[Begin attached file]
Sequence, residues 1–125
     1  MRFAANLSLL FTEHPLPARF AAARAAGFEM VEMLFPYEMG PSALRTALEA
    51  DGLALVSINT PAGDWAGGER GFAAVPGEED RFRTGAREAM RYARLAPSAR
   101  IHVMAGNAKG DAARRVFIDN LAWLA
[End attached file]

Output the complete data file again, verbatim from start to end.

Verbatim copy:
Sequence, residues 1–125
     1  MRFAANLSLL FTEHPLPARF AAARAAGFEM VEMLFPYEMG PSALRTALEA
    51  DGLALVSINT PAGDWAGGER GFAAVPGEED RFRTGAREAM RYARLAPSAR
   101  IHVMAGNAKG DAARRVFIDN LAWLA